The state’s only Republican representative in Washington now will be Mark Amodei, whose 2nd Congressional District covers the northern half of the state and excludes Clark. Amodei won in every county and his Democratic opponent only came within spitting distance in Washoe and Carson City. Amodei took Elko with 80 percent of the vote, Humboldt with 79 percent and Lander with 82 percent, for example.

Republican Cresent Hardy won in every county in the 4th Congressional District in the southern half of the state except Clark, while the other two Congressional Districts are solely in Clark and were easily won by Democrats.

Democrat Steven Horsford won the 4th District seat by pulling 52 percent of the total vote by netting 56 percent in the more populous Clark. Hardy netted 73 percent of White Pine’s votes, 80 percent of Lincoln’s votes, 74 percent of Lyon’s, 57 percent of Mineral’s and 65 percent of Lyon’s.

In the statewide races for constitutional offices the numbers broke down largely the same.

In the race for governor, Democrat Steve Sisolak won handily in Clark and eked out a victory in Washoe, while Republican Adam Laxalt won almost every other county by at least 2-to-1. The results were similar in the race for lieutenant governor.

Incumbent Republican Secretary of State Barbara Cegavske edged out 30-year-old inexperienced Democrat Nelson Araujo by less than 1 percentage point, though she won handily in ever county except, you guessed it, Clark.

In the race for attorney general, Republican Wes Duncan won in every county, repeat after me, except Clark. Likewise for Republican treasurer candidate Bob Beers, while incumbent Republican Controller Ron Knecht lost only in Clark and Washoe. Again, in mosts cases the margins in rural counties exceeded 2-to-1 for the Republican.

The Democrats in the state Assembly are all from Clark and Washoe. The rest of the state picked Republicans. Due to the overwhelming population of Clark and Washoe, there is now a supermajority of Democrats — 29 out of 42.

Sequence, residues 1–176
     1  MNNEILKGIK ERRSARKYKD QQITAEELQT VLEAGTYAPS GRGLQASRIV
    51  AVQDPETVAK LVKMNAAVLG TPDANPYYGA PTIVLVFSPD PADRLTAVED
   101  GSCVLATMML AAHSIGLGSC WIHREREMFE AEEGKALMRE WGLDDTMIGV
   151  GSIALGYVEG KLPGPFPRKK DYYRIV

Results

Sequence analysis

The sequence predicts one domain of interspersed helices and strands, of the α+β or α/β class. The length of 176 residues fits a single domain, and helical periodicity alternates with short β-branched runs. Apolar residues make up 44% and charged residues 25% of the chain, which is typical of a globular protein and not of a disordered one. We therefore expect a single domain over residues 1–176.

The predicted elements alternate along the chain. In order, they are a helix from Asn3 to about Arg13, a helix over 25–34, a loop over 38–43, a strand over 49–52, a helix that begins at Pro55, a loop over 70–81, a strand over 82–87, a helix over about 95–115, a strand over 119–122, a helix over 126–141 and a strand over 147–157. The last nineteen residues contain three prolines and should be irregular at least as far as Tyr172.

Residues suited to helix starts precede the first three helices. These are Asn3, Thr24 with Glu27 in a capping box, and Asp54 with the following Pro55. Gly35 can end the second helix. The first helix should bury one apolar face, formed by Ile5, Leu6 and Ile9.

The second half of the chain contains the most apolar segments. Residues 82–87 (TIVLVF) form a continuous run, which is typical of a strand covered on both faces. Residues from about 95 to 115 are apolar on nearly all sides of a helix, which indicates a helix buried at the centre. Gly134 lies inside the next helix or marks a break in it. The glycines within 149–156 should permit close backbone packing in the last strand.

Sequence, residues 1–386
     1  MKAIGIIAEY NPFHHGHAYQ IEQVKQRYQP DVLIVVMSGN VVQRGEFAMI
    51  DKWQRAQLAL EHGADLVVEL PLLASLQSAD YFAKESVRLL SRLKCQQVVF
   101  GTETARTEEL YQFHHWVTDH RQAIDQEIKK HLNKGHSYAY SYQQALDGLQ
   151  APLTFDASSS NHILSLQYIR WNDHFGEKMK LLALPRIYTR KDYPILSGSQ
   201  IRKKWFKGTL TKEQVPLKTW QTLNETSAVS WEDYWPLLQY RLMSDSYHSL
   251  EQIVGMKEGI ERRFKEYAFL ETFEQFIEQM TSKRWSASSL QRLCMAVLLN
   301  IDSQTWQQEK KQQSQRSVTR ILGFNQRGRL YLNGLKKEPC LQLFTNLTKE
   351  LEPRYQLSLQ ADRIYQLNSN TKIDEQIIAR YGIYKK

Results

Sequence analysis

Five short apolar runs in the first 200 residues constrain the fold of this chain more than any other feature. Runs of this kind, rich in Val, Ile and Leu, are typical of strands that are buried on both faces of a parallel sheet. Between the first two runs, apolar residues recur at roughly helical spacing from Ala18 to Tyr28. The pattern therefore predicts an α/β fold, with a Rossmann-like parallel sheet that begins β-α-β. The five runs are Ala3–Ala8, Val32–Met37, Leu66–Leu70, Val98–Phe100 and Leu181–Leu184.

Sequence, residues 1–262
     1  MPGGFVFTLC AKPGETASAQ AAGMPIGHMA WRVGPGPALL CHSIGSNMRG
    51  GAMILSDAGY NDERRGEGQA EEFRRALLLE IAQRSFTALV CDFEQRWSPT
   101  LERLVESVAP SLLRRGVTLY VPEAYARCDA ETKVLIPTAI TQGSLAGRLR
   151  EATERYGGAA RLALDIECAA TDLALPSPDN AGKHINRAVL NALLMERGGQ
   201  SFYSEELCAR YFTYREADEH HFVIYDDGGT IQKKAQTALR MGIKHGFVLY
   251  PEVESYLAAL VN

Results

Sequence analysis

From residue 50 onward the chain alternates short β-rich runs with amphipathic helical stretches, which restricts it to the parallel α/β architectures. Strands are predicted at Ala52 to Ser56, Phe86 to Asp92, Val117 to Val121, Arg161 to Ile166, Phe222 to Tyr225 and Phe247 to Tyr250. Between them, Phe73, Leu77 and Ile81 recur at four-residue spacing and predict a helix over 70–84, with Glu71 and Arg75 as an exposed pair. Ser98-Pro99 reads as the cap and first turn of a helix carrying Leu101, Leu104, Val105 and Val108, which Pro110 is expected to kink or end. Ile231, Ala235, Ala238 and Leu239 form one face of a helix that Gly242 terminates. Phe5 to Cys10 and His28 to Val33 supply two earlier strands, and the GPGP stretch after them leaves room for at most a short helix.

The state Senate is also all red except for Clark and Washoe. The 13 Democrats to eight Republicans leaves the Democrats one seat short of a supermajority. That could happen if a planned recount changes the outcome in a district in Clark in which the Republican won by 28 ballots.

It takes a supermajority in both the Assembly and Senate to pass tax increases, thanks to an initiative pushed through by former Republican Gov. Jim Gibbons.

Now, if the Democrats can wail about how unfair it is that the 2016 presidential election was determined by the Electoral College — in which each state gets a vote for each representative in Congress, which is determined by population, and each state gets two votes for each senator no matter population — and not by popular vote, which, yes, Hillary Clinton and not Donald Trump won, it seems only fair that we be allowed to deign to suggest that Nevada could change its governing bodies to more closing match the federal system created by the Founders.

We could have an Assembly in which representatives are seated from districts of approximately equal population and a state Senate with a single representative from each county. The whole purpose of the U.S. Senate is to assure smaller states are not run over roughshod by more populous states.

So why should the smaller Nevada counties with differing philosophies and priorities and issues be virtually shut out of the decision making process?

Of course, the chances of that ever happening is almost certainly nil. So, consider this a wee Jeremiadic cry from the desert and a whisper in the ears of the near-supermajority to give some slack for the smaller rural counties. Seems only fair. And we know Democrats are sticklers for fairness.

A version of this column appeared this week in many of the Battle Born Media newspapers — The Ely Times, the Mesquite Local News, the Mineral County Independent-News, the Eureka Sentinel and the Lincoln County Record — and the Elko Daily Free Press.

Historic update from Wikipedia:

In 1919 the Senate started a practice called “Little Federalism,” where each county received one member of the Nevada Senate regardless of population of said county. This set the Senate membership at seventeen which lasted until 1965-1967. The Supreme Court of the United States issued the opinion in Baker v. Carr in 1962 which found that the redistricting of state legislative districts are not a political questions, and thus is justiciable by the federal courts. In 1964, the U.S. Supreme Court heard Reynolds v. Sims and struck down state senate inequality, basing their decision on the principle of “one person, one vote.” With those two cases being decided on a national level, Nevada Assemblywoman Flora Dungan and Las Vegas resident Clare W. Woodbury, M.D. filed suit in 1965 with the Nevada District Court arguing that Nevada’s Senate districts violated the equal protection clause of the Fourteenth Amendment of the Constitution of the United States and lacked of fair representation and proportional districts. At the time, less than 8 percent of the population of the State of Nevada controlled more than 50 percent of the Senate. The District Court found that both the Senate and the Assembly apportionment laws were “invidiously discriminatory, being based upon no constitutionally valid policy.[7]” It was ordered that Governor Grant Sawyer call a Special Session to submit a constitutionally valid reapportionment plan.[8] The 11th Special Session lasted from October 25, 1965 through November 13, 1965 and a plan was adopted to increase the size of the Senate from 17 to 20.